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Defending Die Hard: A Look At Subtext,The Story Behind The Story & Why It’s An Action Masterpiece

February 10, 2015
Bruce Willis Die Hard

A couple of weeks ago I agreed to meet what turned out to be a charming young woman on a sort of blind date. We met outside Boots in Piccadilly. Not where Richard Curtis would have set the scene, I’m sure. But that’s what happened.

And things were going well, until I was asked to name some of my favourite movies and I came up with ‘Die Hard’. It genuinely is one of my favourite movies. And no Christmas is complete without it. But it didn’t take a body language expert to know that she didn’t approve of my choice. Oh well – nobody’s perfect!

Her face fell. I watched it as she said, “Why did you have to go there? Such a moron film.”

My jaw dropped. I was horrified, “How dare you?” I said. “How dare you insult Die Hard? It is not a moron movie. It is a masterpiece!”

As you’re about to see, ‘Die Hard’ is an action masterpiece from an artistic point of view and the most successful action franchise of all time from a commercial perspective. Such titles are not earned by shallow and empty story telling.

Why Die Hard Is Not Just Another Action Movie

Die Hard was released in 1988 by a team of film makers more-or-less fresh out of film school and looking for something to shoot on a low budget. They took Bruce Willis, then a TV actor looking to break into movies and cast him as John McClane, a career defining role that would make him one of the most iconic action heroes ever.

Being produced at the end of what is generally agreed to be the golden age of action movies, when the likes of Arnold Schwarzenegger, Jean-Claude Van Damme and Sylvester Stallone were massive stars playing invincible action men who simply never got hurt, owing to spending most of their lives at the gym, John McClane was a different kind of ultimately more human action hero.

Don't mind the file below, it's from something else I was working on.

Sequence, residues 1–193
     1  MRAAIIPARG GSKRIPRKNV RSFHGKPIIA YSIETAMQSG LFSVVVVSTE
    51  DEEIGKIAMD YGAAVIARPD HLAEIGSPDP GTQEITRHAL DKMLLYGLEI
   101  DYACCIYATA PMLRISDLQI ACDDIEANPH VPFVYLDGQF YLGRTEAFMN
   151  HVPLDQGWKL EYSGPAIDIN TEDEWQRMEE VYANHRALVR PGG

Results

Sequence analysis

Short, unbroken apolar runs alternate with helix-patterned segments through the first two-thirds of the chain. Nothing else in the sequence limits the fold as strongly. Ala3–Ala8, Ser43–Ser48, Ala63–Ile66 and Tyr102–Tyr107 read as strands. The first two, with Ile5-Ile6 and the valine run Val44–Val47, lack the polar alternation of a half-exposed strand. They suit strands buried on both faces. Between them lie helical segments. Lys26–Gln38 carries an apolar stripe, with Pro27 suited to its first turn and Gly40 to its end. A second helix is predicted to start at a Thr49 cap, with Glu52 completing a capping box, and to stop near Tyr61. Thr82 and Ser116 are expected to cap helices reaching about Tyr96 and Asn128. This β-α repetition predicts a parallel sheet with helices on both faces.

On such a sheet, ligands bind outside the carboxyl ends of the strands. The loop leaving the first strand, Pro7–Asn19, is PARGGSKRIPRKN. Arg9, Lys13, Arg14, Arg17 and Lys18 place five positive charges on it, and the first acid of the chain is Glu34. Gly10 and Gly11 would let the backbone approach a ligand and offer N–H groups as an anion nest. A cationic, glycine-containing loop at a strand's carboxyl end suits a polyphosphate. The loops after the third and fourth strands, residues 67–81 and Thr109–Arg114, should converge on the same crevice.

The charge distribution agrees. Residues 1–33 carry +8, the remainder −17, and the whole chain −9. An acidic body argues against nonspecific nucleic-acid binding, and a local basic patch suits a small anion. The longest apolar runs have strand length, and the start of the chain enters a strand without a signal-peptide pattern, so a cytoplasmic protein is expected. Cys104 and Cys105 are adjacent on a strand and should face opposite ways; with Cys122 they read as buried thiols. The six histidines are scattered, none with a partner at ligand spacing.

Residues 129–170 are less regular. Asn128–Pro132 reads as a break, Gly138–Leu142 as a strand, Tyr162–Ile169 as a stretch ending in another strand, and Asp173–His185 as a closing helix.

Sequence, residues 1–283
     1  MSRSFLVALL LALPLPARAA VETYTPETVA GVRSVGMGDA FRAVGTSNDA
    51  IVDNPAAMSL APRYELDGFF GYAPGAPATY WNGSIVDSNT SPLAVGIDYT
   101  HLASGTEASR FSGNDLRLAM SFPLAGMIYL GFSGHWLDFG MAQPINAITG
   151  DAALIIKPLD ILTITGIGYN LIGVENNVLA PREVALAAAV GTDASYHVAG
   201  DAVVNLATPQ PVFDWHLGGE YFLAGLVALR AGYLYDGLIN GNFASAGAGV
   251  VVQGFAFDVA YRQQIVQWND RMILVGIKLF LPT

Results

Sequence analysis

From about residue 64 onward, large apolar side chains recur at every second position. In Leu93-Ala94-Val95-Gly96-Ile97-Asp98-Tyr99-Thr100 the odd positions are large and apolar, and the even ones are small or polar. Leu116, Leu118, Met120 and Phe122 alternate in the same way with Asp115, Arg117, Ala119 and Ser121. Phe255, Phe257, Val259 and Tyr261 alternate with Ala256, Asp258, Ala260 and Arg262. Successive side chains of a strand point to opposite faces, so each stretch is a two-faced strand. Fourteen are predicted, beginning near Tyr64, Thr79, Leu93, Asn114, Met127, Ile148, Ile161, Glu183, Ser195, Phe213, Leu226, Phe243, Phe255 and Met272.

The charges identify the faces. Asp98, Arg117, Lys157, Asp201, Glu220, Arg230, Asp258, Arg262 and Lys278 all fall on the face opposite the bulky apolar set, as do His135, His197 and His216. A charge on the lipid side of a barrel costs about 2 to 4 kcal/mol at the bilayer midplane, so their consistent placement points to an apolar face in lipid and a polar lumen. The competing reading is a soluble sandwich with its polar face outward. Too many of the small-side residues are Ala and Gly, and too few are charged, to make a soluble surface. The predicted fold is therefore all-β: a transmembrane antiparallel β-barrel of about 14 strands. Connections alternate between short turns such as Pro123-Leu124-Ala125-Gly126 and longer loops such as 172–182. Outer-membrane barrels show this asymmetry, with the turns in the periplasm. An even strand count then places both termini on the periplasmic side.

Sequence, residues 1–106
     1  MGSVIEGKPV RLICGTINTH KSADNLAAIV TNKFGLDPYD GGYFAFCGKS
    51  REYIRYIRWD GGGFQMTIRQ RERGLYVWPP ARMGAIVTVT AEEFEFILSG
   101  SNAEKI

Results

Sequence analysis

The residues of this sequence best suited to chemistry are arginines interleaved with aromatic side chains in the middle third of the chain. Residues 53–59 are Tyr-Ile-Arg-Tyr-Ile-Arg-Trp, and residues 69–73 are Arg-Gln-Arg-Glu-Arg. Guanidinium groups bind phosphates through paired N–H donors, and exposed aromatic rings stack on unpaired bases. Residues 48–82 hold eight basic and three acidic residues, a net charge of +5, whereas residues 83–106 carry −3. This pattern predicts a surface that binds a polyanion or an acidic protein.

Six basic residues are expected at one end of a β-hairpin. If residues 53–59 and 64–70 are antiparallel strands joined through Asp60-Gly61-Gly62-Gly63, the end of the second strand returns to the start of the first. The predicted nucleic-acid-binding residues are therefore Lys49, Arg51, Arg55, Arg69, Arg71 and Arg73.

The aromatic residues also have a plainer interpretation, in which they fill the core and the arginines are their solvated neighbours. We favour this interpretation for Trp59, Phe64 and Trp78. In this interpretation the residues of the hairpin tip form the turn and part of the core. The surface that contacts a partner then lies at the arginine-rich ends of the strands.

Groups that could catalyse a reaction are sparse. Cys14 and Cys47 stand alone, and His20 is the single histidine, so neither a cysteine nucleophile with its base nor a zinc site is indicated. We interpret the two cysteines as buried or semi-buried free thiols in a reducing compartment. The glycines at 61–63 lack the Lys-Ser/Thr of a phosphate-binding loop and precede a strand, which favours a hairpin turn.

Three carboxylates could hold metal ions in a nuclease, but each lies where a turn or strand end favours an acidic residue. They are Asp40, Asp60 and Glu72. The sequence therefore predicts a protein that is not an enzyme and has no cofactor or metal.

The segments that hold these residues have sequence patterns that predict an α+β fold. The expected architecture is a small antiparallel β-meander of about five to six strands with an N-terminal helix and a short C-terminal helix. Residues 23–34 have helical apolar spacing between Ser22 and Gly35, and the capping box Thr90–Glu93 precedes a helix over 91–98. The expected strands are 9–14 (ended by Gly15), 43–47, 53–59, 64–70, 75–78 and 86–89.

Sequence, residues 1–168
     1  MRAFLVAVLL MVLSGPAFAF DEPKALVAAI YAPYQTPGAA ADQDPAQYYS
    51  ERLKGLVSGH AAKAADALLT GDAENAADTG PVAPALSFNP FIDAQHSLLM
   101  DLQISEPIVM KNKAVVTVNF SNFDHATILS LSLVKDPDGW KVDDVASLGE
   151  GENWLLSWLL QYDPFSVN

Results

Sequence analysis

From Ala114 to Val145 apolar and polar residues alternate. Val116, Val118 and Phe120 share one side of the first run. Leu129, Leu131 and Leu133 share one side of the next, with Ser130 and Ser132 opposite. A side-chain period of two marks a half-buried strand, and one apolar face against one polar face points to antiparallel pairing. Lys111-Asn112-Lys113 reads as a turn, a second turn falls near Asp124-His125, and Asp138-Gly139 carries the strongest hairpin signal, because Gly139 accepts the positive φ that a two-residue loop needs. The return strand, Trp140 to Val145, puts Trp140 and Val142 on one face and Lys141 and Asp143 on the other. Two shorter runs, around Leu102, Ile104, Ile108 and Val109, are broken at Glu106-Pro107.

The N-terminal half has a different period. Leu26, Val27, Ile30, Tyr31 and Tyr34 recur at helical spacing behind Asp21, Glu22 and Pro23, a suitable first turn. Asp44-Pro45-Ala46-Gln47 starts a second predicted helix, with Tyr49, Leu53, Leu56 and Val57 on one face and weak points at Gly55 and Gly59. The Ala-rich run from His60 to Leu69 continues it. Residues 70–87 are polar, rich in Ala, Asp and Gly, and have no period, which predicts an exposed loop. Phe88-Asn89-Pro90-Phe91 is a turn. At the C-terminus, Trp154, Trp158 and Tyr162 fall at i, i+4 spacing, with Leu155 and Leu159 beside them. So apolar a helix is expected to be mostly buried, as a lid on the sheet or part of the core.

While Stallone and Schwarzenegger were impervious to damage, John McClane was fragile. He got hurt. A lot. By the climax of the film, he’s half dead, bleeding from everywhere and absolutely filthy. Certainly no super cop.

The Subtext of Die Hard

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If you ask most people what Die Hard is about, they will tell you it’s about a New York cop who single handedly defeats a gang of German terrorists who take over a skyscraper in Los Angeles. And they’re not wrong. But they’re not entirely right either.

The script is close to perfect. Based on the novel, a dramatic form that lacks the ability to wow you with explosions, guys jumping off roofs with hosepipes, Alan Rickman’s voice, or Bruce Willis’s facial expressions; Die Hard is so much more than a hollow action movie.

Reduced to its plot, Die Hard is about a working class guy who helps his wife quit an unethically capitalist job that is destroying their family. And as you see from the very first line, John McClane will do whatever it takes to achieve this.

The opening dialogue exchange features McClane speaking to his flight mate as his plane lands in Los Angeles:

“You don’t like flying do you?”

“Whatever gave you that idea?”

So already, McClane has done something he didn’t enjoy and didn’t really want to do in order to achieve his current goal.

The terrorists don’t take over the building until 20 minutes into the film. And if that’s all the movie was about, we could cut the first 20 minutes off and start the movie with Hans Gruber and his gang taking over the party. But there’s so much more to it.